Unique snowdrop and homemade container evoke memories of garden friends
When Len Lehman and Al Deurbrouck would show up at one of my garden talks, they would often times be the last two entering the room. I would wave and the pair would smile, returning the greeting.
They heard most of the jokes before, but still laughed, as I spoke about whatever the seasonal topic might be.
They were both proud members of the Allegheny Chapter of the North American Rock Garden Society, it’s in that capacity that we became friends over the years.
Both of them unfortunately passed away last year.
I wrote about Len for this story highlighting the wonderful rock garden in front of the National Aviary which he helped tend. For Al, he showed me how to make homemade troughs to use as containers for this story.
I have one of his troughs in the house where two Sansevieria cylindrica plants happily grow on in the homemade pot on the windowsill.
The two had forgotten more than I’d ever know about gardening and were passionate about everything that grew.
Often times as the crowd thinned at an appearance, we would sit together talking about plants. The pair’s sense of humor was only matched by their love of the garden. Al even once showed me a photo of car which lost control and ended up in his garden.
After finishing a presentation about fall bulbs, where I raved about my love of snowdrops and growing different cultivars, Len told me about his affection for the tiny fall planted bulb which is one of the first to bloom in late winter. He had a rare variety in his garden named ‘Wasp,’ and promised to dig and a few bulbs for me.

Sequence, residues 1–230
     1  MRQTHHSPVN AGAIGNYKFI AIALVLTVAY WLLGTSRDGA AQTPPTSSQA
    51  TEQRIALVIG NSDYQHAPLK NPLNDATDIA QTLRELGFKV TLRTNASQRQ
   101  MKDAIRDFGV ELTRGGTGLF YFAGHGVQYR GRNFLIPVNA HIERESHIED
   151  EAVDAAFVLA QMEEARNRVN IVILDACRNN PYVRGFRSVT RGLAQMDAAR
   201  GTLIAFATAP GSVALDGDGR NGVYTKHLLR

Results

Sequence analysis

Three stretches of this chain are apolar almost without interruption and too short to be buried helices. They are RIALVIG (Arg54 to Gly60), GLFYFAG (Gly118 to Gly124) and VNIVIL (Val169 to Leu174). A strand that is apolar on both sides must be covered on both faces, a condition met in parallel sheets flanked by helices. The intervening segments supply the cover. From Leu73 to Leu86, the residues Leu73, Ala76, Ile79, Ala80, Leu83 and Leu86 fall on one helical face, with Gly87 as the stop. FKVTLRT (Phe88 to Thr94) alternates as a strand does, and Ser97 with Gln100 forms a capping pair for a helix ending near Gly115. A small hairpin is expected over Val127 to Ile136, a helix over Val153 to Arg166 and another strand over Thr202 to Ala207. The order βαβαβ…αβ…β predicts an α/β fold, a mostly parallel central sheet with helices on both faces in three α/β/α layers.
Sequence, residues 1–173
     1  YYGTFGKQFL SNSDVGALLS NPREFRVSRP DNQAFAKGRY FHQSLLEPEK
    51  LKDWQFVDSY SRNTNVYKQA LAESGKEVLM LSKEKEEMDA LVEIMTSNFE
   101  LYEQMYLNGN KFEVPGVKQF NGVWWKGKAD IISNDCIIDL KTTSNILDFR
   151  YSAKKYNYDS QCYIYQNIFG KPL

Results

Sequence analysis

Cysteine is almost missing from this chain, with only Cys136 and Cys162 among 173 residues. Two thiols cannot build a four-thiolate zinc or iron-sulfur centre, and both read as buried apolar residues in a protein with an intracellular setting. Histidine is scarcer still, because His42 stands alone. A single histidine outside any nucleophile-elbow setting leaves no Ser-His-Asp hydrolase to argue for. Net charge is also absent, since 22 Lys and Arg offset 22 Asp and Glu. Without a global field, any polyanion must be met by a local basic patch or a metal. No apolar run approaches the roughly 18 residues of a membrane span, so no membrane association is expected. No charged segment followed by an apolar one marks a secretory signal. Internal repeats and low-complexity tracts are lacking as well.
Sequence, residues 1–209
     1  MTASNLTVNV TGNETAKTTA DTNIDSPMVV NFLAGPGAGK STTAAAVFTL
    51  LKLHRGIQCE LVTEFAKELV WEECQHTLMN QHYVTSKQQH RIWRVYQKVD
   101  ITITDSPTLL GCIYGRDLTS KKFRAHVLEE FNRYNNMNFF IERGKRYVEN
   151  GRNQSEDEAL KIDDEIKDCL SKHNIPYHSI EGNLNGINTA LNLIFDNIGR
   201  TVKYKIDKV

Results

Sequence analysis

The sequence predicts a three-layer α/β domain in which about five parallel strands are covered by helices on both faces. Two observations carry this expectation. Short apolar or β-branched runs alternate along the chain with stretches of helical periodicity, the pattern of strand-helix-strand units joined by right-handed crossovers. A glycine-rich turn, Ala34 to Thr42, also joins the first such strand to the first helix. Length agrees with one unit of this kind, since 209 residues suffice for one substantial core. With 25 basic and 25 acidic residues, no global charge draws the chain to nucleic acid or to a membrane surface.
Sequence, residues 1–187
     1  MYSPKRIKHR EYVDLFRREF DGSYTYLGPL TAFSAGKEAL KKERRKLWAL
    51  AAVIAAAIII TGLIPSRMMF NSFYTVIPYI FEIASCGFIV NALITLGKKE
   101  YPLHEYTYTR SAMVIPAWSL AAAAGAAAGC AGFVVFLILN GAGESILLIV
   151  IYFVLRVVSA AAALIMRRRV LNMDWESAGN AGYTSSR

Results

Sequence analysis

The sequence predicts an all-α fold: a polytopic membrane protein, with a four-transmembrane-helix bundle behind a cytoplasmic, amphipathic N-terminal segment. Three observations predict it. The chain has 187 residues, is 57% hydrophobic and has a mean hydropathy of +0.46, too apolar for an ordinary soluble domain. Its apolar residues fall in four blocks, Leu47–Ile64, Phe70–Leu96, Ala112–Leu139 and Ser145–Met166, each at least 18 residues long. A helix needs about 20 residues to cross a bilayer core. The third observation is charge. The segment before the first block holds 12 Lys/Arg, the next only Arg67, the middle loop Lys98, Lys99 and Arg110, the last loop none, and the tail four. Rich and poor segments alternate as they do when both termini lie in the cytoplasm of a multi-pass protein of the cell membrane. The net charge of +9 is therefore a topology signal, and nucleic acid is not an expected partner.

A year later a few little bulbs came in the mail at the perfect time for planting. I thought long and hard about where they should go. The bulbs needed a special spot so they would not be confused with any other snowdrops in the garden.
I chose the side of a bed in the vegetable garden near the front gate.
That tiny patch of special snowdrops happily surprised me when taking the dog for a walk in the garden. In only their second season, they have already started to multiply.
As I laid on my stomach photographing the diminutive pure white flowers, I couldn’t help by smile, thinking about Len. He had an encyclopedic knowledge of plants, but most of all, I thought of his kindness and willingness to share his garden treasures.
Even though it’s bittersweet to think about those two sweet characters, the trough and snowdrop will forever remind me of a couple of gardeners and friends who touched my heart.